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gloom. The effects which the passions produce upon the body, would also prove a happy fource of the description of emocions. Thus, the futtering pulfe, the changing colour, the feverish glow, the failing heart and the confused senses, being natural and invariable fymptoms of the passion of love, would soon be obseryby the poet, and successfully used to heighten his description. Hitherto all is fimple and natural, and poetry so far from being the art of fiction, is the faithful copyist of external objects and real emotions. But the mind of man cannot long be confined within prescribed limits; there is an internal eye constantly stretching its view beyond the bounds of natural vision, and something new, something greater, more beautiful, more excellent, is required to gratify its noble longing. This eye of the mind is the imagination—it peoples the world with new beings, it embodies


abstract ideas, it suggests unexpected resemblances, it creates first, and then presides over its creation with absolute sway. Not lefs accurately and philosophically, than poetically, has our great Shakespeare described this faculty in the following lines.

The Poet's eye in a fine phrenzy rolling Doth glance from heaven to earth, from earth to heaven, And as imagination bodies forth The form of things unknown, the Poet's pen Turns them to shape, and gives to aery nothing A local habitation and a name.

The most essential differences in poetical composition may be referred to the circumstance of its turning upon nature or fiction, and on this will depend its fitness or unfitness to produce peculiar effects. In general, whatever is designed to move the passions cannot be too natural and simple. It is also evident that when


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the professed design of the poet is to paint the beauties of nature and the rural landscape of pastoral life, he must give as great an air of reality as possible to his piece, fince a bad imitation necessarily produces disgust. On the other hand, when the aim is to elevate and surprize, to gratify a love of novelty and the pleafing luxury of indulging the fancy, all the powers of fiction must be set at work, and the imagination employed without controul to create new images and discover uncommon resemblances and connexions. To pursue our instance taken from the passion of love; the poet who wishes rather to please and surprize than to move, will ransack heaven and earth for objects of brilliant and unusual comparison with every circumstance relating to the passion itself or its object. He will not value fentiment as the real offspring of an emotion, but as susceptible of ingenious turns,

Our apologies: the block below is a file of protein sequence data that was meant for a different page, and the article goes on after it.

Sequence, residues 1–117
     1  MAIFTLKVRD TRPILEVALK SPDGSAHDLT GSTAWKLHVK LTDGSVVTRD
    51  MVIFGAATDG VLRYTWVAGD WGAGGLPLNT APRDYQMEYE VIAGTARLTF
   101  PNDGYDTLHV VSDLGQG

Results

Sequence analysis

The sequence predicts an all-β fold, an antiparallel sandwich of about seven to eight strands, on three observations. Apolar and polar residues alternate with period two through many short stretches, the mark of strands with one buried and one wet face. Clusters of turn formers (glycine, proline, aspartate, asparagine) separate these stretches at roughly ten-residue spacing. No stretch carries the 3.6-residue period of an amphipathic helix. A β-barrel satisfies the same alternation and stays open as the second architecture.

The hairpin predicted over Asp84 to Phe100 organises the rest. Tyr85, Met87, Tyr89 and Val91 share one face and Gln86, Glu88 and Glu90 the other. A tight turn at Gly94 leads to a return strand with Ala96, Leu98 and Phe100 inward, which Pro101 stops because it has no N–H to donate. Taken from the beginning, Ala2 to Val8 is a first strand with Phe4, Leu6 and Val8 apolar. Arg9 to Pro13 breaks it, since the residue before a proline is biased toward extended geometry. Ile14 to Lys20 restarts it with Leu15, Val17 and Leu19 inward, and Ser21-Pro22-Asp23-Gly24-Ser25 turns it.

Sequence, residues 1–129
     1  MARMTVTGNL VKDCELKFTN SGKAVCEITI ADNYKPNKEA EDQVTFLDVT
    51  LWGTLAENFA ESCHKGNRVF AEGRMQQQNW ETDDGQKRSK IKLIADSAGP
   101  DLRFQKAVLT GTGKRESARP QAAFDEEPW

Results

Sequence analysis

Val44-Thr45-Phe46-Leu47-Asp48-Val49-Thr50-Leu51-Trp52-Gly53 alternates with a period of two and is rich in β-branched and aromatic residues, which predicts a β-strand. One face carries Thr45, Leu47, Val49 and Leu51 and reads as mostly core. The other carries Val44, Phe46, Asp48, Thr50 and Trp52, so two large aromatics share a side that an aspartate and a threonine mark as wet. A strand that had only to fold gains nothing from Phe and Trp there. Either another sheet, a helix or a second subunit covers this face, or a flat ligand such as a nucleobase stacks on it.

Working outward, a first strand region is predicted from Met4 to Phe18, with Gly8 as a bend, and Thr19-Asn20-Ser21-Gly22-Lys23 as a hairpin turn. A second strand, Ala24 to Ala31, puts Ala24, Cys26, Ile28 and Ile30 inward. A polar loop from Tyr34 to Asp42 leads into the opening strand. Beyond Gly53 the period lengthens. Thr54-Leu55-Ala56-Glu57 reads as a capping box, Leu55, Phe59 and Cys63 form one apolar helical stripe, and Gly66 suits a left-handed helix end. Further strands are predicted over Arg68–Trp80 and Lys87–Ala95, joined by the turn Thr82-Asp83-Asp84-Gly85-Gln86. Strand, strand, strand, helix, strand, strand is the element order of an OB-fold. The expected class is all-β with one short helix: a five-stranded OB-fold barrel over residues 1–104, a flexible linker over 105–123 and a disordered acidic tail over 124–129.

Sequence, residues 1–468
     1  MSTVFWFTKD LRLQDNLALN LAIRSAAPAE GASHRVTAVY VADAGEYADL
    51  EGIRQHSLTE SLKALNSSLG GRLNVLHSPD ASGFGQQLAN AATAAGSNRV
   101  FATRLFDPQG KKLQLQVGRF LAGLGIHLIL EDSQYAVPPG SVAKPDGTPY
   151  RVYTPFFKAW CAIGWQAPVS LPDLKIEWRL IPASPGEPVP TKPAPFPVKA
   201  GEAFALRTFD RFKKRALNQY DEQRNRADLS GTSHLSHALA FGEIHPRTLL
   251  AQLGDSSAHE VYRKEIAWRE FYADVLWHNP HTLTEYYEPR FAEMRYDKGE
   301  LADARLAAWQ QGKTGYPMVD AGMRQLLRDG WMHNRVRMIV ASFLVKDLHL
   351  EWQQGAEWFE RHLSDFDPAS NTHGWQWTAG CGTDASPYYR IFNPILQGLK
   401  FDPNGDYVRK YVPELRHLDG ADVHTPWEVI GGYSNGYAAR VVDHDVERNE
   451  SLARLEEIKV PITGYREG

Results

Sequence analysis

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striking contrasts and pleasing allusions. He will not compose from the heart but the head, and will consult his imagination rather than his sensations. This quality is peculiarly termed wit, and a just taste for it is never acquired without a considerable degree of national refinement. Pieces of wit are therefore later in their date than


any others.

This brief account of the progress of poetry in general being premised, let us proceed to a nearer inspection of our subject.

In attempting to fix a meaning to the word song, the first idea which strikes us arises from its name, signifying something to be sung. We shall discuss this a little at large.

The union of music with poetry must


appear extremely natural. We find it to have taken place universally in the uncultivated state of all nations, and to have continued partially in the most refined. In all languages the words expressing vocal music have been also used indifcriminately to signify poetry; and though we at present consider such expressions as figurative, there is no doubt but they were originally natural. The sacred name of song was not then prostituted to a succession of unmeaning sounds tortured into music through the odious pipe of an equivocal mutilated animal ; it was a general term to express all that the sister Muses of

poetry and melody could combine to delight the ear and ravish the heart.

This enchanting union is now in great measure dissolved, yet I will venture to assert that it was not poetry but her less sentimental companion music who began the separation. The luxury of artificial harmony,


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